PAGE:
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Probe into arrested IT staffer could result in Wasserman Schultz's resignation
Imran Awan, the tech who was arrested for bank fraud, left a laptop in a small public room at the Rayburn House Office Building for U.S. Capitol Police to discover. Awan is suspected of major security breaches within the Democratic House of Representatives, including Florida Rep. Debbie Wasserman Schultz (above). (Getty Images)

Probe into arrested IT staffer could result in Wasserman Schultz's resignation

Congress has requested information from the Capitol Police investigation into Imran Awan, the former IT staffer for Democratic Rep. Debbie Wasserman Schultz (Fla.) who was arrested July 24 and is suspected of bank fraud and violating House policies.

According to the Washington Free Beacon, congressional leaders suggested that the investigation will include questioning Wasserman Schultz, the former chairman of the Democratic National Committee, whose actions may "merit resignation," according to House sources.

Awan was arrested at Washington, D.C.'s Dulles International Airport last month as he attempted to leave the U.S. for his home country of Pakistan. The FBI and Capitol Police named Awan as a suspect in an ongoing investigation into House security breaches.

According to the Free Beacon, leading members of Congress have grown frustrated at the slowness of the investigation into Awan and his family and have began launching investigations of their own. Rep. Ron DeSantis (R-Fla.), a member of the House Oversight Committee and chairman of its National Security Subcommittee, reportedly requested a briefing from the Capitol Police regarding the investigation Tuesday.

DeSantis told the Free Beacon that this could potentially be "one of the all-time congressional scandals in the last 30 years."

"I'm pushing very heard to get a full briefing from Capitol Police as soon as possible," DeSantis told the Free Beacon. "There's clearly criminal elements to this and I think there will be more going on. There's probably going to be ethics issues on why these [taxpayer] funds were spent that [Wasserman Schultz] and others will have to deal with."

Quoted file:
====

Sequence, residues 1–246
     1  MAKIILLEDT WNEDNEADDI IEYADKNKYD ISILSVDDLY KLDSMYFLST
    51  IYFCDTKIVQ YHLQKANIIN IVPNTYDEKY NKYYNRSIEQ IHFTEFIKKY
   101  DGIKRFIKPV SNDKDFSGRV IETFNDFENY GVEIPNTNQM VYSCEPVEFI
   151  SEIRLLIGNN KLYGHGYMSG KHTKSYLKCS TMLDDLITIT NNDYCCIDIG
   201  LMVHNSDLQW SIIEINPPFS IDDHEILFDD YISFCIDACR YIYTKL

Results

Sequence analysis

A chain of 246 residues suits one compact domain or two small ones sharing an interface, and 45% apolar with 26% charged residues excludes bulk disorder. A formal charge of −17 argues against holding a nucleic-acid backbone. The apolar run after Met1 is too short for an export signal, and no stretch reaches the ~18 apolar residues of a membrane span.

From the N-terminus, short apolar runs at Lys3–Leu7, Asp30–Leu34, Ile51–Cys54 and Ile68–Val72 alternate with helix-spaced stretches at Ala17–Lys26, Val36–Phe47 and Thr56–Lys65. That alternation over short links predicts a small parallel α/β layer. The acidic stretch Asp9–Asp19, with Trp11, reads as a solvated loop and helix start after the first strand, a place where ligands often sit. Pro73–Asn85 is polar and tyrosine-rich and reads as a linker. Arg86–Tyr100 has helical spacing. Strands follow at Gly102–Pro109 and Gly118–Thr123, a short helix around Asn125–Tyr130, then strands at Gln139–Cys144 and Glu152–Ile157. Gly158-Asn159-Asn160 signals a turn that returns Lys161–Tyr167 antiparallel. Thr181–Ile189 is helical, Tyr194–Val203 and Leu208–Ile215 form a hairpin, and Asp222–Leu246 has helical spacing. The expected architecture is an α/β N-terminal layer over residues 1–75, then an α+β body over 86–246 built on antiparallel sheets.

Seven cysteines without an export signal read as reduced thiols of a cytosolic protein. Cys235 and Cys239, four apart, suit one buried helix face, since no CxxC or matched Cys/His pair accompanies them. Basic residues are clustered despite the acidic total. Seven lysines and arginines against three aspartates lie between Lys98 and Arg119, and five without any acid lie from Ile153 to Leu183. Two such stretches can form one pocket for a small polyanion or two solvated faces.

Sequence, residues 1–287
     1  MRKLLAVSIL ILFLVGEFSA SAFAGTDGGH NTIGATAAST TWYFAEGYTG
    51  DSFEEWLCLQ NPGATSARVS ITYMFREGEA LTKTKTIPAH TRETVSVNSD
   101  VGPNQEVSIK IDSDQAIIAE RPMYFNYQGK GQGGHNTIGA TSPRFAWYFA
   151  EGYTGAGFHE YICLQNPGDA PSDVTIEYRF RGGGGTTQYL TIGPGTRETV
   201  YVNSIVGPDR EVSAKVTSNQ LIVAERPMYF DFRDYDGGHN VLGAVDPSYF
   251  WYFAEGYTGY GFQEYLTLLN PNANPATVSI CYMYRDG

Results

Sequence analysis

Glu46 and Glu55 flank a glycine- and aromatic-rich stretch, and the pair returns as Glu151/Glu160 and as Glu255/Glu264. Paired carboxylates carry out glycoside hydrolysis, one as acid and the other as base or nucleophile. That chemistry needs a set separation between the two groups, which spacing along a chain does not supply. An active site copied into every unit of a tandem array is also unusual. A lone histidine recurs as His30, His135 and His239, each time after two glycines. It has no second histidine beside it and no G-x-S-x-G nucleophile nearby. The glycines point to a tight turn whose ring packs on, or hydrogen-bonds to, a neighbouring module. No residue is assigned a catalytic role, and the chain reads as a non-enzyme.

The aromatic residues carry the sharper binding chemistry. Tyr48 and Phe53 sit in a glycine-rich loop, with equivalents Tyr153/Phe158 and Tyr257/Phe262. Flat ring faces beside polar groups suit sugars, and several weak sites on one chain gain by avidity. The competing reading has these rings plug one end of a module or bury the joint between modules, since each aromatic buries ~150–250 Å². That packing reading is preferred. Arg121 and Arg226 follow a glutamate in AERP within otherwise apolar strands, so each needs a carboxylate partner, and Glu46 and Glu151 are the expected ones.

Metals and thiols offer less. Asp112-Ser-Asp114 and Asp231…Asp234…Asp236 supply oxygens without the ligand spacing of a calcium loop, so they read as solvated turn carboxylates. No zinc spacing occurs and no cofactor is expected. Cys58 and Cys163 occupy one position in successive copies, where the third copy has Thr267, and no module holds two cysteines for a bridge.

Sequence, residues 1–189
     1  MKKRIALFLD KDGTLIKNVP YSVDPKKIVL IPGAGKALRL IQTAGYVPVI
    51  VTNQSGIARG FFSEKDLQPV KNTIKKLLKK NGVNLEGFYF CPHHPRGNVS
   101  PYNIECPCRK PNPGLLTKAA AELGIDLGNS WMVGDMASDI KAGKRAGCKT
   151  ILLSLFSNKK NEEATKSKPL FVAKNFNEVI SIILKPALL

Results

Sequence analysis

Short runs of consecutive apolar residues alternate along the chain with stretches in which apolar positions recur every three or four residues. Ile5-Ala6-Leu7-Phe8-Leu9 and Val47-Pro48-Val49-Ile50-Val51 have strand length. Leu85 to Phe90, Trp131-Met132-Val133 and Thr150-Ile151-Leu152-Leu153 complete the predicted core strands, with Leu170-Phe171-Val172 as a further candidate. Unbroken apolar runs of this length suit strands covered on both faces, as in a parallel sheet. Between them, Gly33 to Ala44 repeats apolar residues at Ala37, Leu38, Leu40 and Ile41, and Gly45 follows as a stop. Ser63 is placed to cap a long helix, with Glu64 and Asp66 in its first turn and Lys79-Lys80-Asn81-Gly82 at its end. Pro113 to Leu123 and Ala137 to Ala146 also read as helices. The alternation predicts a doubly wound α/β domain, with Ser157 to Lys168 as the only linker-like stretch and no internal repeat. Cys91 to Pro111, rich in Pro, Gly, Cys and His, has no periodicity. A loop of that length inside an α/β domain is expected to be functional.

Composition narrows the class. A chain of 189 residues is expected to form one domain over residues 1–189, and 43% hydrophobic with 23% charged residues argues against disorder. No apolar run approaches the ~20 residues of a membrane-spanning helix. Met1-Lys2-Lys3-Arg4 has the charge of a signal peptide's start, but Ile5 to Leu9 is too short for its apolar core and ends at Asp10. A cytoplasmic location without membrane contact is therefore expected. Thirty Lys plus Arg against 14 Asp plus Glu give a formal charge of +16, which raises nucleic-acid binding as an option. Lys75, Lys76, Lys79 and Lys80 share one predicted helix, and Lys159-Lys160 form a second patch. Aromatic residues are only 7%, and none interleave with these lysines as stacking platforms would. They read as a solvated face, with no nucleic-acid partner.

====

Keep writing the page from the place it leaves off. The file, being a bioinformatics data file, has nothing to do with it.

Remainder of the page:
The Free Beacon reported that unnamed senior congressional sources called Schultz's lack of cooperation into the investigation "unsettling" and that her decision to continue to pay Awan and his associates after evidence of illegal activity surfaced could merit her resignation.

Wasserman Schultz has been reportedly avoiding reporters and acting "jumpy" since Awan's arrest, according to inside sources.

Meanwhile, anonymous multiple sources told the Free Beacon that congressional committees  are moving toward beginning an investigation. This includes questioning Wasserman Schultz. The probe will likely fall under the jurisdiction of the House Committee on Administration along with House Speaker Paul Ryan's (R-Wis.) office, the Free Beacon said.

According to the Free Beacon, the Awan scandal has "rocked the halls of Congress."

"The extent of the potential breaches has been made more clear" as time goes on, one of the sources told the Free Beacon. The source said that "the inexplicable nature of the conduct of Wasserman Schultz and others has broadened" congressional interest into the investigation.

"At best for her that is gross misapplication of public funds that could merit resignation alone," the source added. "There's got to be more to that story."

Awan and his associates ran IT for more than 30 Democratic lawmakers' offices, including members of the Homeland Security Committee, the Foreign Affairs Committee, and the Intelligence Committee. Awan and each of his employees were making the maximum salary one can attain in the Capitol at $140,000 to $160,000 each, about the same as a congressman.

Democratic lawmakers were reportedly strangely protective of the Awans, despite high expenses and poorly done work. Sources said that staffers were fired if they displeased the Awans, and lawmakers refused to hire tech companies that offered to do better work at one-fourth the price.

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